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Saturday, 21 November 2009

Kingdom of the Spiders (1977)


Director: John 'Bud' Carlos
Stars: William Shatner, Tiffany Bolling, Woody Strode, Lieux Dressler, David McLean and Natasha Ryan


Index: Dry Heat Obscurities.

There can never be too many reasons to want to watch a particular movie but this one has even more reasons than most. It's a horror movie set in Arizona, shot in Camp Verde. It's a William Shatner movie, towards the end of the period when he was building one of the most fascinating film careers around, a period that ended two years later with Star Trek: The Motion Picture. His co-star is Tiffany Bolling, an interesting actress who I've seen recently in Wicked, Wicked and The Centerfold Girls. And of course it's full of spiders, real spiders, no less than 5,000 of them who constantly steal the show from everyone.

Camp Verde is a rural farming community, as it should be, even though I've spent five years living in Arizona and not seeing any such thing. Almost everyone here lives in the Phoenix Metropolitan area where we don't have the space that folks like Walter Colby have at their cattle ranch. Woody Strode is a strange choice to play Colby, not because there aren't any black ranchers in Arizona, but because they're perhaps deliberately the first people we see and yet we don't see a single Mexican or Native American at any point throughout the entire film. The first victim of the spiders is one of Colby's calves that he expects to win prizes at the imminent county fair. The next is his dog and then his bull, which pretty much wipes him out.

He's first on the target list because there's what he calls a spider hill right behind his ranch that is teeming with tarantulas. Somehow he only finds it when looking for his dog so doesn't mention it right off the bat to the local vet, Dr Robert Hansen, more usually known as Rack. He's Shatner of course, who establishes his credentials as an Arizona farming community vet by lassooing a steer in his first appearance on screen. It isn't Bolling with him though that he lassos next and tussles with in the dirt, that's his sister-in-law who hasn't quite got over her husband dying in Nam. Surprisingly there are a number of instances like this of character development where we might have expected it least.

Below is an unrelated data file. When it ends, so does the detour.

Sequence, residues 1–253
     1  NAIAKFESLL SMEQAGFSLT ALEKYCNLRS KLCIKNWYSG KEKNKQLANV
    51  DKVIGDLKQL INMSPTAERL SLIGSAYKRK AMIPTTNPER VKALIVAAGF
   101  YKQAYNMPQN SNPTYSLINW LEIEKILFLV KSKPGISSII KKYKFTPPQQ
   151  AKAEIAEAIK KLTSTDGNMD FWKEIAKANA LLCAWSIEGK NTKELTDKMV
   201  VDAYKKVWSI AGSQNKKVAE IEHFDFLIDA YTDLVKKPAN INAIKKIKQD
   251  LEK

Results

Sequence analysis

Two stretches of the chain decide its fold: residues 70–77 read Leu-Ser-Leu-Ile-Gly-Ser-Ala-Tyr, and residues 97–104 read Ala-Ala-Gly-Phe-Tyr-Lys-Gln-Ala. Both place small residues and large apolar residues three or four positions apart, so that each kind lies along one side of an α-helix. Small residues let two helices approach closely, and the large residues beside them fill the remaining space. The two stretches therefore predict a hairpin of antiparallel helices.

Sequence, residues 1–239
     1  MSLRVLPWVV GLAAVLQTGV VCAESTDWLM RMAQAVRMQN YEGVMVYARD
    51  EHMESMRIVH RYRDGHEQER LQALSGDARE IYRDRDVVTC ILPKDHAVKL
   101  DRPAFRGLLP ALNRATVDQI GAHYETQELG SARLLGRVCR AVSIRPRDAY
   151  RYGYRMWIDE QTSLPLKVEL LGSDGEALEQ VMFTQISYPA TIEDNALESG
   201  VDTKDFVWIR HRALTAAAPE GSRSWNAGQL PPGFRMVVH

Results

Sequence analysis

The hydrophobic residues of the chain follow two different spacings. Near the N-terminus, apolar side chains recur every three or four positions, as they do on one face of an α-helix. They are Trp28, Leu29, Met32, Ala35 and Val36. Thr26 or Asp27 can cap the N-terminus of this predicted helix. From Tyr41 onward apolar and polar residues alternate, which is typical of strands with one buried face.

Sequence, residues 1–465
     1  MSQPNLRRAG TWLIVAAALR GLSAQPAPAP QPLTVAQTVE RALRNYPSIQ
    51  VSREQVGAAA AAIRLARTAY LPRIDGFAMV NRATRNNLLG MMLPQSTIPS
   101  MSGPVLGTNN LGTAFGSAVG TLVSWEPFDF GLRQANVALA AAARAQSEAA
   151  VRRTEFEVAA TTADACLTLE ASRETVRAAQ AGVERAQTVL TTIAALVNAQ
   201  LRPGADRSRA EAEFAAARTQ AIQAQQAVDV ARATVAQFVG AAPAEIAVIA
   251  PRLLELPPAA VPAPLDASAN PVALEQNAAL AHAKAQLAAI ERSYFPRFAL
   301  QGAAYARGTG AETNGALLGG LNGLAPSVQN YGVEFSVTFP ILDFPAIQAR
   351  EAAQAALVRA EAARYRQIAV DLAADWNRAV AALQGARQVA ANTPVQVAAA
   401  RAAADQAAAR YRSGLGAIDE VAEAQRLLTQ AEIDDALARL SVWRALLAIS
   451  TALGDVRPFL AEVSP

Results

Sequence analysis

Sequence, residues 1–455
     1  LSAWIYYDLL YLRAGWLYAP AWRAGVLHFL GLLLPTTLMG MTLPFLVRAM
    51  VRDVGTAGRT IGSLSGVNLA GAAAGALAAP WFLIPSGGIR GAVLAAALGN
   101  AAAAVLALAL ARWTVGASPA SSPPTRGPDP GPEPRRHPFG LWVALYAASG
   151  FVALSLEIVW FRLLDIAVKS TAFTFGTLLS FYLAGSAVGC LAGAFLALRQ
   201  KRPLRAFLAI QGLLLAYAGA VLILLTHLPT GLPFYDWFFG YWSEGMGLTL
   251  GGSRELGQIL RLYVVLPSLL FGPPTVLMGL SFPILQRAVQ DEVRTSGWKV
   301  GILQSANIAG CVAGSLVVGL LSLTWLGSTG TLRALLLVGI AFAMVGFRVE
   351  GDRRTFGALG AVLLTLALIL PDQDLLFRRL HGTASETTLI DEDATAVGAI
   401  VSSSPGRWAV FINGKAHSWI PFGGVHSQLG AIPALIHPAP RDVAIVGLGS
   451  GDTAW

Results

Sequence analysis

Bolling shows up soon enough though, as Diane Ashley, a spider expert from the big city whose presence is triggered by Rack sending blood samples to the experts. You can tell she's from the big city because instead of the usual truck with a cow in the back, she drives up in her Mercedes convertible wearing a white suit and big sunglasses. She still looks like a stewardess, three years after The Centerfold Girls, but she's actually from the Department of Entomology at Arizona State University in Tempe, coincidentally right round the corner from MADCAP Theaters where I go to see films just like this one. In fact it's ASU who screw up my free parking for MADCAP by putting on football games that prompt even the free places to charge an arm and a leg. If only they'd pay more attention to hiring cute staff for their entomology department than they do on the Sun Devils I'd be far happier and films like this could thrive.